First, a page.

(b) There are no limits established for these radionuclides in Class B or C wastes. Practical considerations such as the effects of external radiation and internal heat generation on transportation, handling, and disposal will limit the concentrations for these wastes. These wastes shall be Class B unless the concentrations of other radionuclides in Table 2 determine the waste to be Class C independent of these radionuclides.

5. Classification determined by both long- and short-lived radionuclides. If the waste contains a mixture of radionuclides, some of which are listed in Table 1 and some of which are listed in Table 2, classification shall be determined as follows:
(i) If the concentration of a radionuclide listed in Table 1 is less than 0.1 times the value listed in Table 1, the class shall be that determined by the concentration of radionuclides listed in Table 2.
(ii) If the concentration of a radionuclide listed in Table 1 exceeds 0.1 times the value listed in Table 1, the waste shall be Class C, provided the concentration of radionuclides listed in Table 2 does not exceed the value shown in Column 3 of Table 2.
6. Classification of wastes with radionuclides other than those listed in Tables 1 and 2. If the waste does not contain any radionuclides listed in either Table 1 or 2, it is Class A.
7. The sum of the fractions rule for mixtures of radionuclides. For determining classification for waste that contains a mixture of radionuclides, it is necessary to determine the sum of fractions by dividing each radionuclide's concentration by the appropriate limit and adding the resulting values. The appropriate limits must all be taken from the same column of the same table. The sum of the fractions for the column must be less than 1.0 if the waste class is to be determined by that column. Example: A waste contains Sr-90 in a concentration of 50 Ci/m3 and Cs-137 in a concentration of 22 Ci/m3. Since the concentrations both exceed the values in Column 1, Table 2, they must be compared to Column 2 values. For Sr-90 fraction, 50/150 = 0.33; for Cs-137 fraction, 22/44 = 0.5; the sum of the fractions = 0.83. Since the sum is less than 1.0, the waste is Class B.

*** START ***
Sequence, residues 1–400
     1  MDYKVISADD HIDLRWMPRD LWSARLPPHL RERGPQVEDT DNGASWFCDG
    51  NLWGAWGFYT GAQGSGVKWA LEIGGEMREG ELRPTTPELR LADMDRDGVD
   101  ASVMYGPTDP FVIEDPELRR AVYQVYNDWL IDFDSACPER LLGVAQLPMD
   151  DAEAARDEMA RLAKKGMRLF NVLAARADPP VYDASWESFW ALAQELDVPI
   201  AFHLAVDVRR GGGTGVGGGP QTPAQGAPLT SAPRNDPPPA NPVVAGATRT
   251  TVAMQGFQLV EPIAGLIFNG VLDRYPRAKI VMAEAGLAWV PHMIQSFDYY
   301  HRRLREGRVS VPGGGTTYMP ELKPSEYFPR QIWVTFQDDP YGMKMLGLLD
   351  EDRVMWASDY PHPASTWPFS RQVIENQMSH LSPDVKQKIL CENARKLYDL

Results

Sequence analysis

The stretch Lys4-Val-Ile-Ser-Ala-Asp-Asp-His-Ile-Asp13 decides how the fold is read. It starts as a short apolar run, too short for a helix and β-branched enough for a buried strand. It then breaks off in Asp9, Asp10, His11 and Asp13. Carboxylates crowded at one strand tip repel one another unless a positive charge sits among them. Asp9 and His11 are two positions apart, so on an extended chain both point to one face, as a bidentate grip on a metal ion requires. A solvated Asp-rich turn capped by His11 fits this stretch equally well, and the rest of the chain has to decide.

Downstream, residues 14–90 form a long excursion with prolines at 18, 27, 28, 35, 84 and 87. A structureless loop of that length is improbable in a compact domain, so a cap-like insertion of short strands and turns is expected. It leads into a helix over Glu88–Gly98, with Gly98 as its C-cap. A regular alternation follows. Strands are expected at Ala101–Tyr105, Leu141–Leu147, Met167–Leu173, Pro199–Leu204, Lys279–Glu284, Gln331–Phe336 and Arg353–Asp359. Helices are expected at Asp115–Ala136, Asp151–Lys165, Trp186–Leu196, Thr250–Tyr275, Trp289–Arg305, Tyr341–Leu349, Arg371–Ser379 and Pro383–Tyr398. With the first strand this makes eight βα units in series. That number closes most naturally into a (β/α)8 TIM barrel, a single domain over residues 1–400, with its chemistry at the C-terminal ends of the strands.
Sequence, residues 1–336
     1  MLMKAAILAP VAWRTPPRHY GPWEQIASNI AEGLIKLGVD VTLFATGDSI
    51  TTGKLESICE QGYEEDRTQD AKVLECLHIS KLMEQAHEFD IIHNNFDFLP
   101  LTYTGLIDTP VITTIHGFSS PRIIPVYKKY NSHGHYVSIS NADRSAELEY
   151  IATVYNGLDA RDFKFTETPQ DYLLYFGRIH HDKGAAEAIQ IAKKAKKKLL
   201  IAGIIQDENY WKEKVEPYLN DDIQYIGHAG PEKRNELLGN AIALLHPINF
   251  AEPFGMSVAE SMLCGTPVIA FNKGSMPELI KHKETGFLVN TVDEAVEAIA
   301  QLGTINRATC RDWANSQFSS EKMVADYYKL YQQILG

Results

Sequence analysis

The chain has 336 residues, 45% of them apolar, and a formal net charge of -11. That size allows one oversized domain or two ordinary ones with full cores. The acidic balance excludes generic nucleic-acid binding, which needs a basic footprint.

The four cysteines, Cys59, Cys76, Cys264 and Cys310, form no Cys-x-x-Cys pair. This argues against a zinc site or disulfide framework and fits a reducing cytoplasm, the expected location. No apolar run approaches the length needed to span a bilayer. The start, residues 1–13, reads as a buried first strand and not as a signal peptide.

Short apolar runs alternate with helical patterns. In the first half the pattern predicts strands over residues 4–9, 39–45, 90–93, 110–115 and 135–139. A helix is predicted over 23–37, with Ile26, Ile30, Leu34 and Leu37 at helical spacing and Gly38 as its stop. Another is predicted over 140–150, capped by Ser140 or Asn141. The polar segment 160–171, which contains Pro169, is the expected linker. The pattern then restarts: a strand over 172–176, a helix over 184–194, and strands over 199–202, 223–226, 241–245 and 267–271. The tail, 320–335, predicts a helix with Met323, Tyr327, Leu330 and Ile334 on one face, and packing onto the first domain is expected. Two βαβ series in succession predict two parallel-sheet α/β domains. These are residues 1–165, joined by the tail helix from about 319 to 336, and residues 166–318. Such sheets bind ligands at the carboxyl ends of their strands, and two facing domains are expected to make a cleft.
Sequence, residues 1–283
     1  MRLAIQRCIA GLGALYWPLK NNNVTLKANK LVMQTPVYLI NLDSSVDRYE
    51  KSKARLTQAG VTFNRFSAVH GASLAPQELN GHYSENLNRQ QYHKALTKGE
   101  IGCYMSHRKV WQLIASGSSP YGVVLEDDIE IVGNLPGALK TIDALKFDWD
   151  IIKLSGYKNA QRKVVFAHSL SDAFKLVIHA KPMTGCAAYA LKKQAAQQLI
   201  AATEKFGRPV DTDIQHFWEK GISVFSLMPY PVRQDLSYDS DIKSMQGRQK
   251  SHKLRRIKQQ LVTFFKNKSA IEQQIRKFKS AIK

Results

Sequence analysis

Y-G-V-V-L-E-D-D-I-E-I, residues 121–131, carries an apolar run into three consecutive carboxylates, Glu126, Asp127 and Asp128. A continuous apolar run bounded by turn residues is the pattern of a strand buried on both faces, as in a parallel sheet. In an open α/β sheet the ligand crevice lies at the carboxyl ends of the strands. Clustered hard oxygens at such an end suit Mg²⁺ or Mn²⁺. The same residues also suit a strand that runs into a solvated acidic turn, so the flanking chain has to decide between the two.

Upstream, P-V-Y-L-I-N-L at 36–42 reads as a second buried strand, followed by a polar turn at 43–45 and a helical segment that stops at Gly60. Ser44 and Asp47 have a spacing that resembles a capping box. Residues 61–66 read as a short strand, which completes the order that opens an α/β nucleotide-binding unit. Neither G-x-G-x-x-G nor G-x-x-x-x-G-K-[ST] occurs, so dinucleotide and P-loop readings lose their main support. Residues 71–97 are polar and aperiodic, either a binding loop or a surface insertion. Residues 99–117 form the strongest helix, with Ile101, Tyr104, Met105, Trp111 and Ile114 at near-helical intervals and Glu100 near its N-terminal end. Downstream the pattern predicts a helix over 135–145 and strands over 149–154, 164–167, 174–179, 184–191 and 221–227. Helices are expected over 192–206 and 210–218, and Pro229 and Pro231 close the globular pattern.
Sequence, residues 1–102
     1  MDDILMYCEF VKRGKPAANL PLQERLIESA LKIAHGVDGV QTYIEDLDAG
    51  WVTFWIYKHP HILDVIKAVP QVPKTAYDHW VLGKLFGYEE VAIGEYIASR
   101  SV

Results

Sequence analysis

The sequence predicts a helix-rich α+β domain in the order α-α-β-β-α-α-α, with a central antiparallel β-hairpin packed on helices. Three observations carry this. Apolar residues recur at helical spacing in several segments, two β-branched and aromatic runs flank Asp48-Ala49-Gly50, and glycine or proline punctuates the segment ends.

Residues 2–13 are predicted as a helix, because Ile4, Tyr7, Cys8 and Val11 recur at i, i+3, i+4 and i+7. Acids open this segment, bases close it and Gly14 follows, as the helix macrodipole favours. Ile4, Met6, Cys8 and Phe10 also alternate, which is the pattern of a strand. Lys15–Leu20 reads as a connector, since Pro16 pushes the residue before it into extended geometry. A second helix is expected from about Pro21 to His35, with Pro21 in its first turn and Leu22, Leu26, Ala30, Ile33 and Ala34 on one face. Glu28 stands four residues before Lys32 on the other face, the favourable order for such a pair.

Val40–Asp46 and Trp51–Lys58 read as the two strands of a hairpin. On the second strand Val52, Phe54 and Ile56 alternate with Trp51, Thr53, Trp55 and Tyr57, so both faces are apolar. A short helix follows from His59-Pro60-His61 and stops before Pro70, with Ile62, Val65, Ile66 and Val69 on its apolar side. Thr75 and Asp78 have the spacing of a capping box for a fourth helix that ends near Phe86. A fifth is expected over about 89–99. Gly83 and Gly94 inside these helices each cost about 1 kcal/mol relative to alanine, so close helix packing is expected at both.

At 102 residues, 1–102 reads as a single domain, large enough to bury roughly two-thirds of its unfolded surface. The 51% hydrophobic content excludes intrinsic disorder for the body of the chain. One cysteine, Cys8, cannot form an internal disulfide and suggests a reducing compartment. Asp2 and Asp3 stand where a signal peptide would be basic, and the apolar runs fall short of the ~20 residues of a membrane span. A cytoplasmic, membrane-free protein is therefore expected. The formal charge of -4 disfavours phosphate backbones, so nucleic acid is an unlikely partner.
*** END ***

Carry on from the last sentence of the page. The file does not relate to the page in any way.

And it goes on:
8. Determination of concentrations in wastes. The concentration of a radionuclide may be determined by indirect methods such as the use of scaling factors, which relate the inferred concentration of one radionuclide to another that is measured, or radionuclide material accountability, if there is reasonable assurance that the indirect methods can be correlated with actual measurements. The concentration of a radionuclide may be averaged over the volume of the waste or weight of the waste if the units are expressed as nanocuries per gram.
(g) Radioactive Waste Characteristics.
1. The following are minimum requirements for all classes of waste and are intended to facilitate handling and provide protection of health and safety of personnel at the disposal site:
(i) Wastes shall be packaged in conformance with the conditions of the license issued to the site operator to which the waste will be shipped. Where the conditions of the site license are more restrictive than the provisions of this Chapter, the site license conditions shall govern.
(ii) Wastes shall not be packaged for disposal in cardboard or fiberboard boxes.
(iii) Liquid waste shall be packaged in sufficient absorbent material to absorb twice the volume of the liquid.
(iv) Solid wastes containing liquid shall contain as little free-standing and non-corrosive liquid as is reasonably achievable, but in no case shall the liquid exceed one percent of the volume.
(v) Wastes shall not be readily capable of detonation or of explosive decomposition or reaction at normal pressures and temperatures or of explosive reaction with water.
(vi) Wastes shall not contain, or be capable of generating, quantities of toxic gases, vapors, or fumes harmful to persons transporting, handling, or disposing of the waste. This does not apply to radioactive gaseous wastes packaged in accordance with (13)(g)1.(viii) of this Rule.
(vii) Pyrophoric materials contained in wastes shall be treated, prepared, and packaged to be nonflammable.
(viii) Wastes in a gaseous form shall be packaged at an absolute pressure that does not exceed 1.5 atmospheres at 20 degrees Celsius. Total activity shall not exceed 100 Curies (3.7 TBq) per container.
(ix) Wastes containing hazardous, biological, pathogenic, or infectious material shall be treated to reduce to the maximum extent practicable the potential hazard from the non-radiological materials.
2. The following requirements are intended to provide stability of the waste. Stability is intended to ensure that the waste does not degrade and affect overall stability of the site through slumping, collapse, or other failure of the disposal unit and thereby lead to water infiltration. Stability is also a factor in limiting exposure to an inadvertent intruder, since it provides a recognizable and nondispersible waste.